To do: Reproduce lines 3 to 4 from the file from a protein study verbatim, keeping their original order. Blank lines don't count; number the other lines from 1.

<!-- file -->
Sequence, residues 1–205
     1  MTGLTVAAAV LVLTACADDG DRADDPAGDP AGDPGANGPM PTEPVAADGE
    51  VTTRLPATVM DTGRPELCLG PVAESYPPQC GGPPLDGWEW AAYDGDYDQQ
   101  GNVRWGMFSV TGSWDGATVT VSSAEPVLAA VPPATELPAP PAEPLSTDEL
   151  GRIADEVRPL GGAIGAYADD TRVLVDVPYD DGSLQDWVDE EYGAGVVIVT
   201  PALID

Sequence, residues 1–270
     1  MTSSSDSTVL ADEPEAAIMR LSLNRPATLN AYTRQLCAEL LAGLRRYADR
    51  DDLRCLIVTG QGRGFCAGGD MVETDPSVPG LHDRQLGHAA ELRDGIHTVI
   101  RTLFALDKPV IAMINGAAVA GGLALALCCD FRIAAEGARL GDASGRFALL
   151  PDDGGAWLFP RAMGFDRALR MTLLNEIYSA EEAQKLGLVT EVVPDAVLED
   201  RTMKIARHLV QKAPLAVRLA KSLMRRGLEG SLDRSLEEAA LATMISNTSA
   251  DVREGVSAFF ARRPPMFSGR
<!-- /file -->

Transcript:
    51  VTTRLPATVM DTGRPELCLG PVAESYPPQC GGPPLDGWEW AAYDGDYDQQ
   101  GNVRWGMFSV TGSWDGATVT VSSAEPVLAA VPPATELPAP PAEPLSTDEL